Brandi Levy, a student at Mahanoy High School (MAHS), was finishing her freshman year when she tried out for and failed to make her high school’s varsity cheerleading team. When she was at an off-campus convenience store over the ensuing weekend, a frustrated Levy posted a photo of herself on Snapchat with the caption “F*** school f*** softball f*** cheer f*** everything.” The post was accompanied by a photo of Levy and a friend displaying their middle fingers to the camera.
Levy’s post was visible to about 250 people on the social media network, many of whom were her peers at MAHS and some of whom were cheerleaders. It was intended to disappear consistent with the Snapchat protocol, but several students who saw the post approached the cheerleading coach and expressed concern that it was inappropriate. The coach decided Levy’s post violated team and school rules, and Levy was suspended completely from the cheerleading program for the year.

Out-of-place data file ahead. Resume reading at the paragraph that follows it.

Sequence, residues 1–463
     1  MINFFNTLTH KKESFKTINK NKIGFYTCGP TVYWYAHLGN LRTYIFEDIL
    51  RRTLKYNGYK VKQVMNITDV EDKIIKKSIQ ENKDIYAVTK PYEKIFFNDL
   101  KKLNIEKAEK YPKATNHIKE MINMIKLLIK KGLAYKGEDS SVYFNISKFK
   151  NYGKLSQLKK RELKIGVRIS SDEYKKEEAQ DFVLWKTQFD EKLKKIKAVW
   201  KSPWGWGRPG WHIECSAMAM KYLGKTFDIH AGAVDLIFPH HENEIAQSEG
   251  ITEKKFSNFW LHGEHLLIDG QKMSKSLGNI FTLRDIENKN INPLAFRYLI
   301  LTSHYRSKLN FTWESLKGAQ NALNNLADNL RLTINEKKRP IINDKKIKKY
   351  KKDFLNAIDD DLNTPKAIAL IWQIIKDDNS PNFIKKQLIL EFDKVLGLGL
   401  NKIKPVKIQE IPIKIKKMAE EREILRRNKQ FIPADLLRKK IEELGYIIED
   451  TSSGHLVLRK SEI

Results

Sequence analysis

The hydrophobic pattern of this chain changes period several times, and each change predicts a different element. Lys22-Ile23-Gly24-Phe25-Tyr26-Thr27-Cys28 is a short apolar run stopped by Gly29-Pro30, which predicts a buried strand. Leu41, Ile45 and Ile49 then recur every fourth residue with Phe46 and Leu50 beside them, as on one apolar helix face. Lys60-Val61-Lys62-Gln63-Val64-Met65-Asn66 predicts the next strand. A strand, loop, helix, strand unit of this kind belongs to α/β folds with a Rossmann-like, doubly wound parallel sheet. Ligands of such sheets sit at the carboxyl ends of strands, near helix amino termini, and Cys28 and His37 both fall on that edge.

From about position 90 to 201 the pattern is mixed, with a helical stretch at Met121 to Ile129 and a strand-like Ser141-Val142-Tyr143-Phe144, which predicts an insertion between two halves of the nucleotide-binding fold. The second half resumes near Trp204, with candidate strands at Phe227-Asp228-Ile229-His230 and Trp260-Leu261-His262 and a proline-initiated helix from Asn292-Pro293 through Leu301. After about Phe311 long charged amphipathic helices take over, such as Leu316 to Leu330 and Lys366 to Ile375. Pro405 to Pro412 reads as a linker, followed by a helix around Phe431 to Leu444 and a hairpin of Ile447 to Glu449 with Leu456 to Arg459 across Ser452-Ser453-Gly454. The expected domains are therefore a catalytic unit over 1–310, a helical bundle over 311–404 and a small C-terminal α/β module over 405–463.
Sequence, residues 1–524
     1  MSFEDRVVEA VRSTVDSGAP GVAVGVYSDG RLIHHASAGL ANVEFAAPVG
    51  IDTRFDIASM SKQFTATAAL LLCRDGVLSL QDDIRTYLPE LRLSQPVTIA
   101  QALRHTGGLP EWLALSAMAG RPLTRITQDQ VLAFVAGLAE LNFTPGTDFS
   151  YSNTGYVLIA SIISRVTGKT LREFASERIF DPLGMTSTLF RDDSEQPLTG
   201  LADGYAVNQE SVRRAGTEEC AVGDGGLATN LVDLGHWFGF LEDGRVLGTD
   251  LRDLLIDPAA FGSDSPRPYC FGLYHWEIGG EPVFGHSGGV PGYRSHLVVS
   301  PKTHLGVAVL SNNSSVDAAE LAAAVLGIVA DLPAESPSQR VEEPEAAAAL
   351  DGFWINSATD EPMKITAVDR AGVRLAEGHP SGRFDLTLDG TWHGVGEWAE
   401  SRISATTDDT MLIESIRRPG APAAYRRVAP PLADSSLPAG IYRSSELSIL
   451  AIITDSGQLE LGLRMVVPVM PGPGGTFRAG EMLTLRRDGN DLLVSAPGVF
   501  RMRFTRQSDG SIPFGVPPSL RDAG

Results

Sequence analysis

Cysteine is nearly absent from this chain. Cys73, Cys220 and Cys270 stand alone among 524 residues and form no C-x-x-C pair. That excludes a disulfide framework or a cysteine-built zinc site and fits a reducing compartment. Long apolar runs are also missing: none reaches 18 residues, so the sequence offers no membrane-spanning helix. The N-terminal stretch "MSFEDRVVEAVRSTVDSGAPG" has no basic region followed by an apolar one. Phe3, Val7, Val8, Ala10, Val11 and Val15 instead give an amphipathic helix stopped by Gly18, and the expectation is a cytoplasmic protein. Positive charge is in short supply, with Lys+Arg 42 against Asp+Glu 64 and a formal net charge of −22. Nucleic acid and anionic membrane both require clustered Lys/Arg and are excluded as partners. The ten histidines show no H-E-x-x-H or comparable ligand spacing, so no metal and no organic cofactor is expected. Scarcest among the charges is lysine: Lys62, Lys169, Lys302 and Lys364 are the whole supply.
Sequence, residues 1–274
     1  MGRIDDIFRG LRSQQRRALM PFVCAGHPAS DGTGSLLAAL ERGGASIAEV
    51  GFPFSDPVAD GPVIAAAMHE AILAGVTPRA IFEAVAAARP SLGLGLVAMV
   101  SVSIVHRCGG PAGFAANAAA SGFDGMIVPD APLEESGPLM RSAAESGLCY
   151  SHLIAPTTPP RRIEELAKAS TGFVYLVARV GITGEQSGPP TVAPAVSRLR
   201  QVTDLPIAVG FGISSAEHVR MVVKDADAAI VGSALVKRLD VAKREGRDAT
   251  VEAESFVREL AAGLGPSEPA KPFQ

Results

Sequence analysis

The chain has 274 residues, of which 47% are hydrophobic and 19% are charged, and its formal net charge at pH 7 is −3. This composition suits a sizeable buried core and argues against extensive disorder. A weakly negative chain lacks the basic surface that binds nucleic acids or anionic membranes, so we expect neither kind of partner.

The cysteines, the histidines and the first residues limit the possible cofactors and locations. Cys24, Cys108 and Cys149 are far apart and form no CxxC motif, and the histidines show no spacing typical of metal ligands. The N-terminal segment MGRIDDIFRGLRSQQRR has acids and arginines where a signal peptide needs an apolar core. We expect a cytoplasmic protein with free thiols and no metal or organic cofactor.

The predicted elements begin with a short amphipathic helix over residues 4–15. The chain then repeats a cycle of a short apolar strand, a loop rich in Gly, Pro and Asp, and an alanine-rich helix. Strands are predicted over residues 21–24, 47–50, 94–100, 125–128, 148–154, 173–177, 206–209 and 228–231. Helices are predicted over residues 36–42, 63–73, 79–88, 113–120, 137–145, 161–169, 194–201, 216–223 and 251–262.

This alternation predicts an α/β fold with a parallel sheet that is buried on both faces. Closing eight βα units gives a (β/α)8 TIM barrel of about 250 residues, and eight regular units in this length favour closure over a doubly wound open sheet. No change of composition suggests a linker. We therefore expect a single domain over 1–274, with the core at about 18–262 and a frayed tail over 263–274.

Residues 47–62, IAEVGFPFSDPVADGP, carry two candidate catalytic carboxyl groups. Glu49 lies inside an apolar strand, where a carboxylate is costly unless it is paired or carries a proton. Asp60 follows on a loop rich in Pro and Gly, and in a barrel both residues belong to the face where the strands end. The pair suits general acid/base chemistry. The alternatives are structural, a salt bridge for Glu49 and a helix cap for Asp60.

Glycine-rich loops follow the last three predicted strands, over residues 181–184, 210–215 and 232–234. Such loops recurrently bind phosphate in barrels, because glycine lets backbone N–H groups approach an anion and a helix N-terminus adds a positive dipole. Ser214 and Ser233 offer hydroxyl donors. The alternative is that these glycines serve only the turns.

Levy, represented by the American Civil Liberties Union (ACLU), sued Mahanoy High School claiming the suspension was a violation of her First Amendment rights. She won in federal district court with the court basically finding that she had not waived her right to speech simply by agreeing to the team’s rules. Furthermore, because the Snapchat was taken off-campus, the court held her speech was not subject to school-time regulation, and her Snapchat did not rise to the level of disruption required to warrant discipline. In 2020, the school district appealed the district court decision and the U.S. Court of Appeals for the Third Circuit again sided with Levy holding that school officials do not have the authority to discipline off-campus speech by students. The Circuit court ordered that Levy be allowed to rejoin the cheerleading team and found that “public schools have an interest in teaching civility … but they may not leverage the coercive power with which they have been entrusted to do so.”